- The accuracy of OSHA's estimate of the burden (time and costs) of the information collection requirements, including the validity of the methodology and assumptions used;
- The quality, utility, and clarity of the information collected; and
- Ways to minimize the burden on employers who must comply; for example, by using automated or other technological information collection and transmission techniques.
III. Proposed Actions
OSHA is requesting that OMB extend its approval of the collection of information requirements contained in the Standard on Blasting and the Use of Explosives. The Agency will include this summary in its request to OMB to extend the approval of these collection of information requirements.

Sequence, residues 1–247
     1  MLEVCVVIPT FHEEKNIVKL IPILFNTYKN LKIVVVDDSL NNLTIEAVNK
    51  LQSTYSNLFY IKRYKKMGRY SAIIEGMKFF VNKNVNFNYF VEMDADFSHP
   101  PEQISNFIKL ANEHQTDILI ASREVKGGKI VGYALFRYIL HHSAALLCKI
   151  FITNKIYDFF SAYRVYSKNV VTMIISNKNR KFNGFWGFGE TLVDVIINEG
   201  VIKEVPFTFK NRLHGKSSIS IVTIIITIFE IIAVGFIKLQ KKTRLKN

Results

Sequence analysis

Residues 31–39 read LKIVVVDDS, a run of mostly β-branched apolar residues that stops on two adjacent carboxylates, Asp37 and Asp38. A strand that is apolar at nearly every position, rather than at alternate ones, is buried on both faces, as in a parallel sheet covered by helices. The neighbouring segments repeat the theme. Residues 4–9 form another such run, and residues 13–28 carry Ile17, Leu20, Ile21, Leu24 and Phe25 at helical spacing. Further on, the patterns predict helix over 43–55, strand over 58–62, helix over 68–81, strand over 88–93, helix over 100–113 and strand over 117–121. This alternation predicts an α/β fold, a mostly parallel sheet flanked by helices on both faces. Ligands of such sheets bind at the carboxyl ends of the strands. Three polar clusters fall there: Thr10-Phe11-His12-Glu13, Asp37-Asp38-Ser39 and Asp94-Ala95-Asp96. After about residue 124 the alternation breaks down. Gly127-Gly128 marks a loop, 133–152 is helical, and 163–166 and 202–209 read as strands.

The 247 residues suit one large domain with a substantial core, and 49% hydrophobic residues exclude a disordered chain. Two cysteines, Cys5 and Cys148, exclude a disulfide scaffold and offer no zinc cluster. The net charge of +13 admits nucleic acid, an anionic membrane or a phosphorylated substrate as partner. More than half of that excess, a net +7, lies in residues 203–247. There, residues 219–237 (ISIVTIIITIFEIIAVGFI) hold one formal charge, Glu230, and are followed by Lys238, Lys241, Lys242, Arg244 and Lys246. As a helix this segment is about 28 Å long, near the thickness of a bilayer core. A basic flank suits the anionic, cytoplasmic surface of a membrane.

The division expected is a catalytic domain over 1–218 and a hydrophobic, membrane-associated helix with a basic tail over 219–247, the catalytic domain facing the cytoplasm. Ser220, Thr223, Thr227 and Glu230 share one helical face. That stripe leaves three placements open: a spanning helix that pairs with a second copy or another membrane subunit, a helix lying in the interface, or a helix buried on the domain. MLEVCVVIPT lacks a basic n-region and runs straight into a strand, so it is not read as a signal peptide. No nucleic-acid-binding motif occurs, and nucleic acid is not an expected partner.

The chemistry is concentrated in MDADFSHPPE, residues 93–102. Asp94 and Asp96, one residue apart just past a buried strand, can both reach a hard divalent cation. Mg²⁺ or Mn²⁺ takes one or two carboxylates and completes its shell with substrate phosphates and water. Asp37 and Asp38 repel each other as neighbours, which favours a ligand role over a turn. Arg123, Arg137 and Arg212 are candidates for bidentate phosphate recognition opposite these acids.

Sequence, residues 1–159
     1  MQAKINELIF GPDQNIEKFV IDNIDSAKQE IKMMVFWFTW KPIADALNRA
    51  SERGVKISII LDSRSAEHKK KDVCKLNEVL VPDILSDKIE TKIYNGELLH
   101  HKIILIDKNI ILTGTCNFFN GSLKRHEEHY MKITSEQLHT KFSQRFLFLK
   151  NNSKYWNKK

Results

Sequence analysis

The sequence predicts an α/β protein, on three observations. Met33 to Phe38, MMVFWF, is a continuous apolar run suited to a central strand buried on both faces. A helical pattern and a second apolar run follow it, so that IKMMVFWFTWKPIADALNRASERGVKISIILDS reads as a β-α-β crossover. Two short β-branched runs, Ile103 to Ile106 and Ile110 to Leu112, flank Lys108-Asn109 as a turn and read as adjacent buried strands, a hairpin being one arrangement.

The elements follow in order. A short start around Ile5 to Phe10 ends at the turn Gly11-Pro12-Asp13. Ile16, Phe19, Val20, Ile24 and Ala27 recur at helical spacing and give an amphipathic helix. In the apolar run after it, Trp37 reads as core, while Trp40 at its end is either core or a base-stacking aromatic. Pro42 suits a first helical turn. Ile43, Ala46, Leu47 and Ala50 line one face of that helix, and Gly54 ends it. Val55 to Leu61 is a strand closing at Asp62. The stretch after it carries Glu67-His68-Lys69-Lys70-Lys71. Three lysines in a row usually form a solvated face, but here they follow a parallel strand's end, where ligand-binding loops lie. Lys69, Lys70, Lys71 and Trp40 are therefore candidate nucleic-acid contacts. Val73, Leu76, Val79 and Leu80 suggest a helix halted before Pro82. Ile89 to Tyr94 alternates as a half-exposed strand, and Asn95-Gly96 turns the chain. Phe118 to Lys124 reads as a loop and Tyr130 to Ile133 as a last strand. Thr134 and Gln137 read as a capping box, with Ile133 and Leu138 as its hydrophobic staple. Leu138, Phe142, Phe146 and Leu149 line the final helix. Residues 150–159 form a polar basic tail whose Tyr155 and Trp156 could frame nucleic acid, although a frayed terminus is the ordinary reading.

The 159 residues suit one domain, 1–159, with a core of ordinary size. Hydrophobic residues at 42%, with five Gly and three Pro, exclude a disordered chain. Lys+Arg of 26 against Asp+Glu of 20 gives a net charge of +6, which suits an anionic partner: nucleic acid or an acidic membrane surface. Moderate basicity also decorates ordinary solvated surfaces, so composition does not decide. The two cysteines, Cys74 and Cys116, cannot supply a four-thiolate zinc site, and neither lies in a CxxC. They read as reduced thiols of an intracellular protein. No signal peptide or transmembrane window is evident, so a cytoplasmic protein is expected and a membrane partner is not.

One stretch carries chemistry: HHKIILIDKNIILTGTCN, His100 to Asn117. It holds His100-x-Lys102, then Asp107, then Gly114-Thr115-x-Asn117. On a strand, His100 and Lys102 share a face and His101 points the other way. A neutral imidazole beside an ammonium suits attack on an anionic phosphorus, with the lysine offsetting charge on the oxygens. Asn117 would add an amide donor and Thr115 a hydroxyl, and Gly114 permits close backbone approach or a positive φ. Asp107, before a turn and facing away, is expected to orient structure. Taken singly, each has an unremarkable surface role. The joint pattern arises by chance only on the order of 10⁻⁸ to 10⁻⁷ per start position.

Type of Review: Extension of currently approved collection.
Title: Blasting and the Use of Explosives (29 CFR part 1926, subpart U).
OMB Number: 1218-0217.
Affected Public: Business or other for-profits.
Number of Respondents: 160.
Total Responses: 217.
Frequency: On occasion.
Average Time per Response: Time varies from 5 minutes (.08 hour) to notify a hoist operator of blasting agents to 8 hours to develop an alternative plan if an employer is unable to display adequate signs warning against the use of mobile radio transmitters during blasting operations.
Total Burden Hours: 1,294.
Estimated Cost (Operation and Maintenance): $400,000.
IV. Public Participation—Submission of Comments on This Notice and Internet Access to Comments and Submissions